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The Super League breakaway. The resignation of Ed Woodward. The Old Trafford protests. The Europa League final. The signings of Jadon Sancho and Raphaël Varane. Ole Gunnar Solskjær’s new contract. The return of Cristiano Ronaldo. Ronaldo’s two-goal debut against Newcastle. The injury-time defeat to Young Boys. The injury-time victory over Villarreal. Losing 4-2 to Leicester. And most recently coming back from 2-0 down to win 3-2 against Atalanta, a result so eminently predictable it almost counts as plagiarism.
That’s just the past six months. Six months of wins, losses, triumph, heartbreak, scandal, rumour, greed and excess at the world’s most meme-able football club. It’s tempting to see the modern Manchester United as essentially a directionless vehicle, a model of flailing incompetence that provides plenty of entertainment but whose wider purpose is unclear. But what if this is the wider purpose? What if we’re not watching the painstaking construction of a long and glorious project, but its realisation?
This was the irresistible sensation of watching the closing minutes of the Atalanta game on Wednesday. Old Trafford was buzzing. Sancho, Ronaldo, Paul Pogba, Bruno Fernandes and Edinson Cavani were all on the pitch. Harry Maguire had largely set aside his defensive responsibilities and was surging forward like a man pushing his way straight to the front of the queue at All Bar One. Maguire scored. Ronaldo scored. The old songs rang out. Solskjær and his coaching staff engulfed each other in hugs. The club’s victory tweet was retweeted almost 43,000 times.
It is at times like this the persistent clamour for United to adopt some sort of coherent blueprint feels strangely irrelevant. We hear that United’s penchant for late game-winning goals is merely a symptom of a broader malaise, an addiction to heroic adrenaline-football that will ultimately win them nothing. There’s probably a lot of truth in that. Equally, when your team has just served up 90 minutes of scintillating, clickable entertainment, it’s worth taking a moment to consider exactly how United have chosen to define success in the current era.
In May, the club opened the first of five new “entertainment centres” it is planning to build in mainland China. Located near Tiananmen Square in Beijing, the Theatre of Dreams offers visitors an “interactive journey through the club’s incredible history, encompassing 142 years of triumph, heroics and the never-ending pursuit of excellence”. There are light shows, photo opportunities, games where you can try to swerve a football like David Beckham or recreate Wayne Rooney’s famous bicycle kick against Manchester City. A big screen plays the 1999 Champions League final on an endless loop. You can enjoy “Manchester-style fish and chips” for £13 or a “Manchester United speciality meat platter” for £53.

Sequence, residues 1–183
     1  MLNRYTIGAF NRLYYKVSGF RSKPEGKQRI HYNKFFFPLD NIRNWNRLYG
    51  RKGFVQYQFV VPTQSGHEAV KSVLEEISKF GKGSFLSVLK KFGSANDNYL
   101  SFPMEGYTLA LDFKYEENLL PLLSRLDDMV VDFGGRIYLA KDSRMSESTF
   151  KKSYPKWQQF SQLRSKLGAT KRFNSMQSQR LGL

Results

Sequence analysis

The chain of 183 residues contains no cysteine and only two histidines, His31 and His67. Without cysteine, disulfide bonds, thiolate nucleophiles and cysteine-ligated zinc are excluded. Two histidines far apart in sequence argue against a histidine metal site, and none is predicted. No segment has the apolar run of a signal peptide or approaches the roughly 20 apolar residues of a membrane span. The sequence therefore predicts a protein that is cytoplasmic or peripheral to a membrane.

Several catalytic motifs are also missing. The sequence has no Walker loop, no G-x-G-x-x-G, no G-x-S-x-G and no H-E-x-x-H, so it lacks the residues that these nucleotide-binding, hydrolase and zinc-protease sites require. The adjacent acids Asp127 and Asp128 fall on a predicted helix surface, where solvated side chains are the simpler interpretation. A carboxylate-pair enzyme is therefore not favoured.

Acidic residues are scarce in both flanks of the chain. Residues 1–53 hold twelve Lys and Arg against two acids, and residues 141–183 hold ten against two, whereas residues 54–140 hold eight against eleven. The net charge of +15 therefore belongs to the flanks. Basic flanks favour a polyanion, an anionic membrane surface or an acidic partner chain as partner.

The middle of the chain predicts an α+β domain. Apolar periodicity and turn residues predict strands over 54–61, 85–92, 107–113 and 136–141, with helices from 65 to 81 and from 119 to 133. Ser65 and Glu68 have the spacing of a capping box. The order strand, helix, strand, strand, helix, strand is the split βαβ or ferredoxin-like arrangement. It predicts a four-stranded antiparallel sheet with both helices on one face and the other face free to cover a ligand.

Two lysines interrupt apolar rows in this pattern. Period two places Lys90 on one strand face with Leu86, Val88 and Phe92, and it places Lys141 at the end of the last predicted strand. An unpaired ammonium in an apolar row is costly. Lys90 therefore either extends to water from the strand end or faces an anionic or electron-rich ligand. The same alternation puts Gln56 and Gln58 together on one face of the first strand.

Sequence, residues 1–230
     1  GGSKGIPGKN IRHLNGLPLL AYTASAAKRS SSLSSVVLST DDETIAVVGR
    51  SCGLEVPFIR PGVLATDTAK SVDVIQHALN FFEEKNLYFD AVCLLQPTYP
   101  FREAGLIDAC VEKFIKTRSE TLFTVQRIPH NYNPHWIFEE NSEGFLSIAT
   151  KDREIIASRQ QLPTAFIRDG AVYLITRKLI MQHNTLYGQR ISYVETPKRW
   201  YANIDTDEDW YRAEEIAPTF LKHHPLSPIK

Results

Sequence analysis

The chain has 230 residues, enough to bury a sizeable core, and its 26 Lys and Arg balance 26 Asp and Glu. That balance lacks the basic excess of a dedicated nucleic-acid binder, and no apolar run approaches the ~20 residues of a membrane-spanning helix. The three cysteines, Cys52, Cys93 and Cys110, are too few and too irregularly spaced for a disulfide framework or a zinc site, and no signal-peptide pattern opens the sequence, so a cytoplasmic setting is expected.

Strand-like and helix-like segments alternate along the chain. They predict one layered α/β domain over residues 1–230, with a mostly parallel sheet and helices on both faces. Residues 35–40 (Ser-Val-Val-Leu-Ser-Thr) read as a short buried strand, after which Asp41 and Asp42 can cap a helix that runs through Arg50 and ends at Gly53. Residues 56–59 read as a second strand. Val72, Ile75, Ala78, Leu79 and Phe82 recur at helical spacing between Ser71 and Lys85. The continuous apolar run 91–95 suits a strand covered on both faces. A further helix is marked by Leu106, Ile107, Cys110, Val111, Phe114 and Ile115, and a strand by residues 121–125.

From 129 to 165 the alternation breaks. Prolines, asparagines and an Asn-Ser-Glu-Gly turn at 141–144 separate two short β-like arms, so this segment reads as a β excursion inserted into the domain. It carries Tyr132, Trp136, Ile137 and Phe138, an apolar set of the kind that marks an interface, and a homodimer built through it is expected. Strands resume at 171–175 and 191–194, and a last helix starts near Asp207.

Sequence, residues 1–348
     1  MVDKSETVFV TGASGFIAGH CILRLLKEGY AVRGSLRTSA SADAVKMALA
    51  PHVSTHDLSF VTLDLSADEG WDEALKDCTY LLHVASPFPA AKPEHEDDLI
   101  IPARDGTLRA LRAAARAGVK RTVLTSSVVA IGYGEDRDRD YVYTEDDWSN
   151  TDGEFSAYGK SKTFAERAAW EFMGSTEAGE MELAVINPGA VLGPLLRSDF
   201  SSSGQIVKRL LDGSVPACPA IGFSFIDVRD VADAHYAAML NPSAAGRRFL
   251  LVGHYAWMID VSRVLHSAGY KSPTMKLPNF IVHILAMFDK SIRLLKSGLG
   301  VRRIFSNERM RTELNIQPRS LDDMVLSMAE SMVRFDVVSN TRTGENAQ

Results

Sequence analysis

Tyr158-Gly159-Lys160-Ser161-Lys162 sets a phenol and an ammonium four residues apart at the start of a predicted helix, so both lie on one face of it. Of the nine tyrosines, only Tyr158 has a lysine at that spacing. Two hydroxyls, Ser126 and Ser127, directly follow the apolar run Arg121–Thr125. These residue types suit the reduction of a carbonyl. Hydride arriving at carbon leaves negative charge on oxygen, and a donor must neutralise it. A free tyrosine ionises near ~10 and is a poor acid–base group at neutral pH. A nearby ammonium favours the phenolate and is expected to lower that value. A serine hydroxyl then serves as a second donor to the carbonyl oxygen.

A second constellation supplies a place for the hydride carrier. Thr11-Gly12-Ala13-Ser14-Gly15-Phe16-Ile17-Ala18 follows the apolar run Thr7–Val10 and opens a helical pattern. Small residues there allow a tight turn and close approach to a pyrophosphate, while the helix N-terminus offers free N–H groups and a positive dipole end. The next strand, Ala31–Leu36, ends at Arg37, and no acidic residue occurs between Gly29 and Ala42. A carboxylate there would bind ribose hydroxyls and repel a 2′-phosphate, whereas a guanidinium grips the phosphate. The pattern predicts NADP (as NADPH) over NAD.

What is important to note is that none of this is remotely contingent on United winning things here and now. The silverware has already been won; the myths forged; the brand established. If you can monetise the treble-winning side in China 22 years later, then you can probably keep doing it for another 22. All the machine really requires to keep it running is Champions League football every year, a steady supply of heroics and the idea that on some level United are still engaged in the “pursuit of excellence”.
Seen through this prism, almost every aspect of the modern United makes a good deal more sense. They would love to win more trophies, but you get the feeling it is not a non-negotiable part of their identity in the way it is with, say, Manchester City or Bayern Munich. And why would it be? City and Bayern win all the time. That may be the best way of satisfying the core fanbase, but in terms of selling the club as a mass-market entertainment product, far better to keep the audience engaged with thrilling highs and theatrical lows, the dramatic tension of a club eternally, irrevocably close to fulfilment.
“We hope [the Atalanta game] was the start of something big,” Solskjær said before Sunday’sPremier League game against Liverpool. In a sense, this has been the story of Solskjær’s time at United: an era of endless beginnings, endless new dawns, endless hope. Solskjær may not be the world’s greatest football coach, but he is the perfect frontman for a long-running television show when everything happens but nothing ever really changes.
His constant references to the club’s DNA create a sort of narrative link between past and present, like when the characters on Friends kept making jokes about Ross’s three failed marriages. His relentlessly positive demeanour offers the illusion that great times are just around the corner. Best of all, his lack of tactical rigour makes him eminently replaceable when the time comes. Unlike when Jürgen Klopp leaves Liverpool or Marcelo Bielsa leaves Leeds, there will be no torturous transition, because there is nothing to transition from in the first place: just a bunch of talented, impressionable footballers who can go in any direction you want.
As long as United remain vaguely competitive and there are just enough great moments to create the sensation of progress, what does the rest of it really matter? Last-minute wins, great attacking players buzzing around in a state of chaos, celebrity cameos, palace intrigue: this is the very stuff modern football is made of. Sometimes it’ll work. Sometimes – importantly – it won’t.
And so to Liverpool, a game billed – not for the first time – as a make-or-break fixture for Solskjær’s United. Perhaps they will win and continue on their heroic trajectory, marching up the table: will this finally be the year? Or perhaps they will lose and the knives will be out for Solskjær, his methods under question, his career under threat: will this finally be the year? The only way we’ll find out, I suppose, is by tuning in for the next episode.